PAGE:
Tech

Laser Scarecrows: The Future of Crop Protection

By Xavier Roxy

January 4, 2024

58

The battle against crop damage caused by birds in the realm of agriculture is an ongoing challenge, with financial repercussions running into millions of dollars annually. Researchers have now introduced a high-tech solution to this problem: laser scarecrows. The experts demonstrated that this innovative approach can drastically reduce crop damage.
 
This study centers around the use of laser scarecrows to deter birds, specifically targeting the protection of sweet corn crops. European starlings, a common pest for farmers, were presented with fresh ears of sweet corn, and researchers observed the impact of moving laser beams on these birds. Remarkably, it was discovered that lasers significantly mitigate damage up to a distance of 20 meters from the device.
 
Study co-author Kathryn Sieving, professor of Wildlife Ecology and Conservation at the University of Florida, explains that more growers are seeking inexpensive and portable laser units like those tested in their research.
 
"Growers need big effects for affordable prices," said Professor Sieving. "If they can spend $300-$500 each for lasers to protect large fields for 1-3 weeks instead of more expensive options such as hiring people to patrol with dogs, falcons, or rifles, then lasers would be beneficial."
 
One key advantage lies in its effectiveness during what's known as 'the vulnerability window,' which is a critical period before harvest when crops are most susceptible to bird damage. This short window reduces the likelihood of birds becoming accustomed to lasers and maintaining their efficacy.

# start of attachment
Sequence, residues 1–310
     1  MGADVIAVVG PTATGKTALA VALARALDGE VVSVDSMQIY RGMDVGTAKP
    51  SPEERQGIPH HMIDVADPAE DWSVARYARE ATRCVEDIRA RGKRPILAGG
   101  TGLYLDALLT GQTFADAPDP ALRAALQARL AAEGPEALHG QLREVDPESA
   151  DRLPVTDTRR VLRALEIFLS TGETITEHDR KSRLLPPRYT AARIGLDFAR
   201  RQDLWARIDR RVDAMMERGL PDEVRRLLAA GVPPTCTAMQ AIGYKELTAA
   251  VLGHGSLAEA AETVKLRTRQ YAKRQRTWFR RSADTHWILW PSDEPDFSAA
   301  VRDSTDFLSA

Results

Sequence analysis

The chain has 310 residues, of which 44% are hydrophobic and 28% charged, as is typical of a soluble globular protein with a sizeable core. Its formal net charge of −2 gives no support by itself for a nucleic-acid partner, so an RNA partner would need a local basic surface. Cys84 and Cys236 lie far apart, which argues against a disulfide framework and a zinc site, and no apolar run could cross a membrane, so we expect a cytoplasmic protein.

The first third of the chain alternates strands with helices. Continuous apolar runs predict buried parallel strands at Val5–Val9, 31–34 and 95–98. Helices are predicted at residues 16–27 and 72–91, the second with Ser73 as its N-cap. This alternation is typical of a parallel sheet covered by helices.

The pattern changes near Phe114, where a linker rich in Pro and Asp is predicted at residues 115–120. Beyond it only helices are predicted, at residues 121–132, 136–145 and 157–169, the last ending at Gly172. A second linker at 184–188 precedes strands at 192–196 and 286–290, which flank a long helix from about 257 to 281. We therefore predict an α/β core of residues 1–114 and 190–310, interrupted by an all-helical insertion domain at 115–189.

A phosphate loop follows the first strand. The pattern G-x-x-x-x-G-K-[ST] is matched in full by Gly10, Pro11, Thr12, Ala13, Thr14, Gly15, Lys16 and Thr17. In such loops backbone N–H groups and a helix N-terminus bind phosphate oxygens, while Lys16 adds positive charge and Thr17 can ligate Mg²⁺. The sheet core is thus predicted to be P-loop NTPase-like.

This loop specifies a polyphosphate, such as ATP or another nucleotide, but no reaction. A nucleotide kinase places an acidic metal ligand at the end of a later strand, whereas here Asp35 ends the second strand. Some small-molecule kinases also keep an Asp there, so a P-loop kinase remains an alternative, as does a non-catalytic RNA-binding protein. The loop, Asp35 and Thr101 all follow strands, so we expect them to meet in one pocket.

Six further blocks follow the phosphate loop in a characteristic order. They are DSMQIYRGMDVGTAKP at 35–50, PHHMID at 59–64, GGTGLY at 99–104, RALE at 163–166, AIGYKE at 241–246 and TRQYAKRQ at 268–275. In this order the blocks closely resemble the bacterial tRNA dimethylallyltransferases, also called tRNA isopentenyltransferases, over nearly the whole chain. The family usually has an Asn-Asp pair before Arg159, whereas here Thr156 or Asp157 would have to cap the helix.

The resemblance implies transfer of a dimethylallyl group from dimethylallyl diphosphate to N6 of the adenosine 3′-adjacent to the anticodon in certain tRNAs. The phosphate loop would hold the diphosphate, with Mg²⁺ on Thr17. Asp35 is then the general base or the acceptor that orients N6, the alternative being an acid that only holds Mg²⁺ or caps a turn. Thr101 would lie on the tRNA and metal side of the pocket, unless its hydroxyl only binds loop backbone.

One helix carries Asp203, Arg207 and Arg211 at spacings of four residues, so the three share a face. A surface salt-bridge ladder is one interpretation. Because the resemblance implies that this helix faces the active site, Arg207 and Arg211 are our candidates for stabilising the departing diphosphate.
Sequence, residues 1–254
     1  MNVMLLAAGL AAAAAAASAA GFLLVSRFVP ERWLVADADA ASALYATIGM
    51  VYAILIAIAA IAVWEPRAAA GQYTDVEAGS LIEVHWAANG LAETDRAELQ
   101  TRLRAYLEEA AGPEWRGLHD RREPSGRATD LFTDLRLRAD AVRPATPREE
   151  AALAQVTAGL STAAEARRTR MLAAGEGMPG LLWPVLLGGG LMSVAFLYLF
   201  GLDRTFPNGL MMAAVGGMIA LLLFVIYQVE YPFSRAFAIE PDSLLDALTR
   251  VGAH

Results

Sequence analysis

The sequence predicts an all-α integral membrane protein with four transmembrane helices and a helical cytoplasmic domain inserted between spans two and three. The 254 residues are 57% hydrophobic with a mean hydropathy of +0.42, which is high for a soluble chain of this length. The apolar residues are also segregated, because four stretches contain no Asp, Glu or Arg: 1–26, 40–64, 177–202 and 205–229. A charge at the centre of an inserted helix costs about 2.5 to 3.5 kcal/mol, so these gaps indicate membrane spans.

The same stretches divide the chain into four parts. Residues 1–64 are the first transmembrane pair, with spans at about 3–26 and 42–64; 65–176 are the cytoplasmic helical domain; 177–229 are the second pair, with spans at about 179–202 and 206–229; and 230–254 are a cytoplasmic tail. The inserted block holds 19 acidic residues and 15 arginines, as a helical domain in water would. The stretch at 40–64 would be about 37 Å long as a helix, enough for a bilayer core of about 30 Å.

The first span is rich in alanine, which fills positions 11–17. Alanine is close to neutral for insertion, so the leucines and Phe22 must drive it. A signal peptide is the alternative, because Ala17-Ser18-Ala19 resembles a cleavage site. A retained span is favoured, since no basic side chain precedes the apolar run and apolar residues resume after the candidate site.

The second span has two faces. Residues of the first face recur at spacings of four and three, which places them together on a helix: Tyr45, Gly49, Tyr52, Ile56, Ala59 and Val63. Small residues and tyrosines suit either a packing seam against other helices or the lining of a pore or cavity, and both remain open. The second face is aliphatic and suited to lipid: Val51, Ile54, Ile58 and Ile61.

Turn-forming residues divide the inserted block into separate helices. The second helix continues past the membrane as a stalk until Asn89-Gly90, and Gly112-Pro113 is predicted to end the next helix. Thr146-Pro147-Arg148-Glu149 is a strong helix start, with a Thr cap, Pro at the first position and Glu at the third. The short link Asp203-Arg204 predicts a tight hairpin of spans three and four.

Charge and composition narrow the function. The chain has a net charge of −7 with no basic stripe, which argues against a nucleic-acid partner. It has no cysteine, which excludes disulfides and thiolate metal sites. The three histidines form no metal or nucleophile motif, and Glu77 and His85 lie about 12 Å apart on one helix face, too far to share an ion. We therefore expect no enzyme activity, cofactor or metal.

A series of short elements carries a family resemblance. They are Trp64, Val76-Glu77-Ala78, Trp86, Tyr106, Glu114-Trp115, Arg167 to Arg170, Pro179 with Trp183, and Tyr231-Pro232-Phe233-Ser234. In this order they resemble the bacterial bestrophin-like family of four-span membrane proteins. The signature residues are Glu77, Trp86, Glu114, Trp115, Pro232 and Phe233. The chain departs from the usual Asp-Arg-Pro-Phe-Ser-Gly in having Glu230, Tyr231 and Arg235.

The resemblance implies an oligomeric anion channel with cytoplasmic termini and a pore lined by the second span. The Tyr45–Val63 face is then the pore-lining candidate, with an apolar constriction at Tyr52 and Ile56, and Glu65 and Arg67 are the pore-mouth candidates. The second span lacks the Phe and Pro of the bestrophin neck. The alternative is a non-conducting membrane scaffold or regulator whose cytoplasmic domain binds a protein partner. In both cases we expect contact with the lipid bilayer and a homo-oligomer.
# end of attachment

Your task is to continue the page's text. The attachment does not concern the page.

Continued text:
Sieving added: "Birds only attack sweet corn during the ripening phase (called the milking stage), which lasts only 5–10 days—so soon after it ripens, harvesting begins." She further explained how using different non-lethal deterrents combined seems effective, especially on crops with short vulnerability windows like sweet corn, since it surprises birds, making them leave fields, reducing damages by far more than 20%.
 
The research involved two types of experiments: stick trials where corn ears were mounted on sticks at various distances from lasers, and natural trials involving birds foraging on ripe corn grown in a flight pen. These trials provided insights into the effectiveness of lasers under controlled conditions and in more natural settings.
 
While lasers reduced damage marginally in stick trials, their impact was significantly more pronounced in natural trials. This outcome is attributed to the sturdiness of the sticks used, allowing birds to perch and feed while avoiding lasers. By contrast, natural corn stalks were more susceptible to the deterrent effects of lasers.
 
Distance from the laser source also played a crucial role, where deterrence was effective up to 20 meters but diminished beyond this range, with little effect observed at 30 meters. However, Sieving pointed out that this effect seems unimportant in open fields, as birds will simply leave a field that has detectable laser protection and fly far out of its influence.
 
Sieving hopes that laser scarecrows can offer a sustainable solution for crop protection with short vulnerability windows since they're silent, unlike acoustic deterrents, which are disturbing or lethal deterrents requiring permits and time-consuming labor applications with potentially toxic secondary effects on wildlife soil and water, are often unacceptable.
 
The study is published in the Pest Management Science journal, offering hope for farmers struggling against bird-induced crop damage across the globe.


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